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Kilauea

7 February 2002

Changes in hornitos at 2300 feet

Sulfur on two hornitos at 2300 feet, Kilauea volcano, Hawai'i.
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Collapsed hornito at 2300 feet, with Pu`u `O`o in background, Kilauea volcano, Hawai'i.
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Left. Sulfur encrustations have grown since January 31 on the hornitos at the 2300-foot elevation, and the middle hornito has collapsed, leaving a gap like a missing front tooth. A narrow spire tops the western (left) hornito. Right. Pu`u `O`o is visible through the gap. Note the stump of the collapsed hornito.

8 February 2002

Lava flows at a rootless shield

Aerial view of a flow being erupted from one of the rootless shields active above the main lava tube downslope form Pu`u `O`o. Width of view is 75-100 m. The shiny crust indicates that it is very hot. A rootless shield is a pile of lava flows built over a lava tube rather than over a conduit feeding magma from within the earth. Rootless shields along the tube system commonly have a flat top containing a shallow lava pond.

Aerial view of lava flow erupting from rootless shield, Kilauea volcano, Hawai`i
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Lava flow from rootless shield, Kilauea volcano, Hawai'i.
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Lava flow from rootless shield, Kilauea volcano, Hawai'i.
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Two views on the ground of a crusted flow moving away from a rootless shield. This kind of moving flow is often called slabby pahoehoe, though the term pahoehoe should be reserved for the solidified flow only.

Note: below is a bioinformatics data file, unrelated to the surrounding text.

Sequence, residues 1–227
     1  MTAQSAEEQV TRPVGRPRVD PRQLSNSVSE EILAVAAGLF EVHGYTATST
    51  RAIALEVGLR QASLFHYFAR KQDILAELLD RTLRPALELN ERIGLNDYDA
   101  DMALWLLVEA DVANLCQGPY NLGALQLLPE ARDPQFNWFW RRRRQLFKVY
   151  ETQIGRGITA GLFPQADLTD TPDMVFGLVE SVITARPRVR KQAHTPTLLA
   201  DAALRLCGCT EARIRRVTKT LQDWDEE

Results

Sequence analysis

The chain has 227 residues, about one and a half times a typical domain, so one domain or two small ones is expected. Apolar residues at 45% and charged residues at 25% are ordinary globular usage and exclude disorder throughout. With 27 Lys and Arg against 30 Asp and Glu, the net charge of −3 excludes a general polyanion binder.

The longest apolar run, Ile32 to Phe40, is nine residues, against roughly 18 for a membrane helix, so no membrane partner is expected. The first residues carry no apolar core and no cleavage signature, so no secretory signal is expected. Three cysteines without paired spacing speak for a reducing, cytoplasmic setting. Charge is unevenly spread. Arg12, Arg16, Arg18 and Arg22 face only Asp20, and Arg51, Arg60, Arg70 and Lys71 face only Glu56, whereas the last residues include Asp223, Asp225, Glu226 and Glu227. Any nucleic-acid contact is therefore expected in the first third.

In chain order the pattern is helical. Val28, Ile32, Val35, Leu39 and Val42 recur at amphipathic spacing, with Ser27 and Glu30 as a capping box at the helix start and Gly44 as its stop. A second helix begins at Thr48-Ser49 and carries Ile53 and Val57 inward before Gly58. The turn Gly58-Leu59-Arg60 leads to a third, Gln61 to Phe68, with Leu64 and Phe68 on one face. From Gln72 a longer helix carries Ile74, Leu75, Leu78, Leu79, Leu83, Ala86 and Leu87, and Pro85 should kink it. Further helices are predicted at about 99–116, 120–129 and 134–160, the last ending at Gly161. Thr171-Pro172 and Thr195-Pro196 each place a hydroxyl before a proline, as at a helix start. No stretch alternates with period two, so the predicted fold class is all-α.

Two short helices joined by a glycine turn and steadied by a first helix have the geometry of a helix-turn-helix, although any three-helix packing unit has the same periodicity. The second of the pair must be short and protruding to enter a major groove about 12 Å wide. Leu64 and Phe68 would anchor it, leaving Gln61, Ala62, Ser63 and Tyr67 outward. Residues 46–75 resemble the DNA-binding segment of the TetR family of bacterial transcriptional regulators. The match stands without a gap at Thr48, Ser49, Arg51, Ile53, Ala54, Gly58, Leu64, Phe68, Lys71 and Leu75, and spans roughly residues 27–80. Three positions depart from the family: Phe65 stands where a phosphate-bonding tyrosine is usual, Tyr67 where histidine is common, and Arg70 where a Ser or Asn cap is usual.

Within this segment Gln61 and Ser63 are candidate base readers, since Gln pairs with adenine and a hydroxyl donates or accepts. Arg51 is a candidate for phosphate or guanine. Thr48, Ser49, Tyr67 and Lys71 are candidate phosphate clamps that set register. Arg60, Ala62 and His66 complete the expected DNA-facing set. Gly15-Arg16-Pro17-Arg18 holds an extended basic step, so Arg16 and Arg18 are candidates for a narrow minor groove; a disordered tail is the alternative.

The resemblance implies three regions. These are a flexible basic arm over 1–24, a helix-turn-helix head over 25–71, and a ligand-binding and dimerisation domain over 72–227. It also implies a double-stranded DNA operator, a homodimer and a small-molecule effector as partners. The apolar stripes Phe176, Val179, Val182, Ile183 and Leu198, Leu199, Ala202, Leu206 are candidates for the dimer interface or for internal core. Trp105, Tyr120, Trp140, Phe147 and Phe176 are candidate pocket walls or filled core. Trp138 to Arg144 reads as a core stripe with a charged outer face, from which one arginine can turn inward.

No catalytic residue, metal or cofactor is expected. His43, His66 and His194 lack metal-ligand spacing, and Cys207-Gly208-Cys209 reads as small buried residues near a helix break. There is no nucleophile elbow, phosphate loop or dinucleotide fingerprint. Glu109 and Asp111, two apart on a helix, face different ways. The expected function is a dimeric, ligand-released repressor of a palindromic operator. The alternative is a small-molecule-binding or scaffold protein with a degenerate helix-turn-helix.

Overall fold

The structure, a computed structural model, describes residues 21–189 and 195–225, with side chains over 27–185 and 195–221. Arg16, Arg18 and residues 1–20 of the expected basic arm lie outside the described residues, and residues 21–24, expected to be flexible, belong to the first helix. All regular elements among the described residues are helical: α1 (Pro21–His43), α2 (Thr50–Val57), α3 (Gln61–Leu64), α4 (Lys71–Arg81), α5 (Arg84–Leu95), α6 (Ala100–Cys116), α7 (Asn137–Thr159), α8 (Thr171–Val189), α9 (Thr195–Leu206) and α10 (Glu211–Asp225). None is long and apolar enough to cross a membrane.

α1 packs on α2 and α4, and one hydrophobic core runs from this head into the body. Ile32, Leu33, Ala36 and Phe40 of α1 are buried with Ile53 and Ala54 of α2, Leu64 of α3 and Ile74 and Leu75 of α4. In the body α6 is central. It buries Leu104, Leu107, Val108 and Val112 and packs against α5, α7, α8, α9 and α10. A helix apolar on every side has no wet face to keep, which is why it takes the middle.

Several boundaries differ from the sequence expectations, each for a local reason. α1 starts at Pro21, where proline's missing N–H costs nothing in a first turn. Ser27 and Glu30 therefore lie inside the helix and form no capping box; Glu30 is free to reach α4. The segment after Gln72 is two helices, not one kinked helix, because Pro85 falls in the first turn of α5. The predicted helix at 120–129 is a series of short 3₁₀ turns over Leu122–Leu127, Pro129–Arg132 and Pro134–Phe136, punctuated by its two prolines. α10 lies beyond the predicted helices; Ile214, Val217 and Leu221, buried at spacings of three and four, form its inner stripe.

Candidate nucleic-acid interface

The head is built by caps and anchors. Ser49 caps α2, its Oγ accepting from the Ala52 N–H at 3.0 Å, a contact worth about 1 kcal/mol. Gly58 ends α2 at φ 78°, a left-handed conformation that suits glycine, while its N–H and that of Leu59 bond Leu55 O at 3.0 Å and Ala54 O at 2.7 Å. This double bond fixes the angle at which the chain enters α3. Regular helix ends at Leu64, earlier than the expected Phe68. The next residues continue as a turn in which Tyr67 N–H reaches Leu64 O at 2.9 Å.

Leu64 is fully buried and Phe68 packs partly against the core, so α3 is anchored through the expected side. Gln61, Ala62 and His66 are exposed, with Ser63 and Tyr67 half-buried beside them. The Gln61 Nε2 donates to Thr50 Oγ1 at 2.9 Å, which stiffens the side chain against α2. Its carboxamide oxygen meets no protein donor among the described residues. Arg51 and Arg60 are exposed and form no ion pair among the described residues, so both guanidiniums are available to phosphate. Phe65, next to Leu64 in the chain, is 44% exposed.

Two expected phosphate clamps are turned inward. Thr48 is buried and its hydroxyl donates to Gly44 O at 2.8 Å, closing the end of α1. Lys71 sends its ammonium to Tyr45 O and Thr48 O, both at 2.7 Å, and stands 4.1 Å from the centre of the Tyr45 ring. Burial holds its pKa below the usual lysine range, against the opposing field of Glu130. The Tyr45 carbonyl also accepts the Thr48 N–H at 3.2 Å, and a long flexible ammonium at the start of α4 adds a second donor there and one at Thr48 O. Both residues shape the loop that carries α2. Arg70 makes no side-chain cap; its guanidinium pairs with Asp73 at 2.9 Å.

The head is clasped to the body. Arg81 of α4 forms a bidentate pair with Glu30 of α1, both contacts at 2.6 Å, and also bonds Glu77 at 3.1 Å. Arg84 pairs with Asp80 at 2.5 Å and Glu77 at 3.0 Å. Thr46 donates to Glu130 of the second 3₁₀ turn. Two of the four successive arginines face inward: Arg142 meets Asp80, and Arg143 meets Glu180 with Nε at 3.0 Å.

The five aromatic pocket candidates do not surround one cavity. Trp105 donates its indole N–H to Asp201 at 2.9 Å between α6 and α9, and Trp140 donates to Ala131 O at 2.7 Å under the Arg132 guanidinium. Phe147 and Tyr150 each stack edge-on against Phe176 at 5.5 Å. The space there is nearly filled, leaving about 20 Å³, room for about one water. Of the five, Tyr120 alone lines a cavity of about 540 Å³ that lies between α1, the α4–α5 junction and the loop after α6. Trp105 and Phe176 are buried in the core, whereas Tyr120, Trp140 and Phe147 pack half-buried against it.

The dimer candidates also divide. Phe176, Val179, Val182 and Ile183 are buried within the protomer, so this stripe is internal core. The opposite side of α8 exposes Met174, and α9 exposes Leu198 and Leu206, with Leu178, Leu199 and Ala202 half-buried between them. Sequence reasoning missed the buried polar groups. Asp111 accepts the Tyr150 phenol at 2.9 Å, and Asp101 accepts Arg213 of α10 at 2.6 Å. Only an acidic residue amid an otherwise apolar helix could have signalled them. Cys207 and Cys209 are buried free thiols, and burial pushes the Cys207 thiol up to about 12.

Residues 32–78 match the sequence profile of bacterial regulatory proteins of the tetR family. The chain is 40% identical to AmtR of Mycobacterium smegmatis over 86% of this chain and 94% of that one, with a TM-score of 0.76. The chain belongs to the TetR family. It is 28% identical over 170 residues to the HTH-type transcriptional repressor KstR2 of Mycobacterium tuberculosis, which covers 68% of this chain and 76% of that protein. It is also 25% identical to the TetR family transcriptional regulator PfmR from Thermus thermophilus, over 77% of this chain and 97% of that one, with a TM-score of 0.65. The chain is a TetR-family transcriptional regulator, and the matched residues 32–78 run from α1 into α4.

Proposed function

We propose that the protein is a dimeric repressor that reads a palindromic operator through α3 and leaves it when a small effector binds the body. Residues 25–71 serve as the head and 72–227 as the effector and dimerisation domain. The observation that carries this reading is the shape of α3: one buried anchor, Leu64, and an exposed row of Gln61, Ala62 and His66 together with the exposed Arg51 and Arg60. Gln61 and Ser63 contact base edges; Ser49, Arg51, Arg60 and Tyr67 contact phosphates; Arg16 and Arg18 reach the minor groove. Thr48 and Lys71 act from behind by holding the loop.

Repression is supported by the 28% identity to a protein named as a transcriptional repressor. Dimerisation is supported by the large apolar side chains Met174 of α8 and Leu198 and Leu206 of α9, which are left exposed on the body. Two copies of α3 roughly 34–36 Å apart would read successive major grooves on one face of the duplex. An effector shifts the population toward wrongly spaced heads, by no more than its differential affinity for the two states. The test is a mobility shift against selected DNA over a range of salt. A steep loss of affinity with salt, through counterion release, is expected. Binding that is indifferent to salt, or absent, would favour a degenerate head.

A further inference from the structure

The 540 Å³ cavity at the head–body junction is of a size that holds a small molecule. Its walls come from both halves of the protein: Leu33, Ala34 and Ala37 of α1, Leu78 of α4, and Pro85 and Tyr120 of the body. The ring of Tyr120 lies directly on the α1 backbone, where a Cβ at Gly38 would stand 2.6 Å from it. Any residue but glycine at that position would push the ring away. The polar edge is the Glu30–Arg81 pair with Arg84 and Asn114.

15 February 2002

Chain of rootless shields

Looking northwestward along a chain of six rootless shields toward Pu`u `O`o, the source of fume in upper center. The shields are fed by lava flowing from Pu`u `O`o through a tube system that extends beneath the shields to the lower part of the photo. Shield in foreground is the lowest of six and is centered at about the 2050-foot elevation. Uppermost shield--indistinct in this view--is centered at about the 2240-foot elevation. Active or recently active lava can be recognized by its shiny silvery appearance. Four of the shields were active today.

Aerial view of chain of rootless shields, Kilauea volcano, Hawai`i
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21 February 2002

Breached perched pond on rootless shield

`A`a flow fed through breach in side of perched pond, Kilauea volcano, Hawai'i.
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Breached active perched pond atop rootless shield, Kilauea volcano, Hawai'i.
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The perched pond atop the rootless shield at 2150 feet--the middle shield in February 15 photo--breached on February 18. Since then, lava has been spilling out of the pond through the breach, forming an `a`a flow now 2 km long. Left, aerial view showing the dark `a`a down slope from the broken side of the pond. Right, aerial view looking across the long axis of the pond through the breach. The active perched pond is mostly crusted, but faint incandescence and lineations in crust show that lava is flowing away from observer.

23 February 2002

River of lava leaving rootless shield at 2150 feet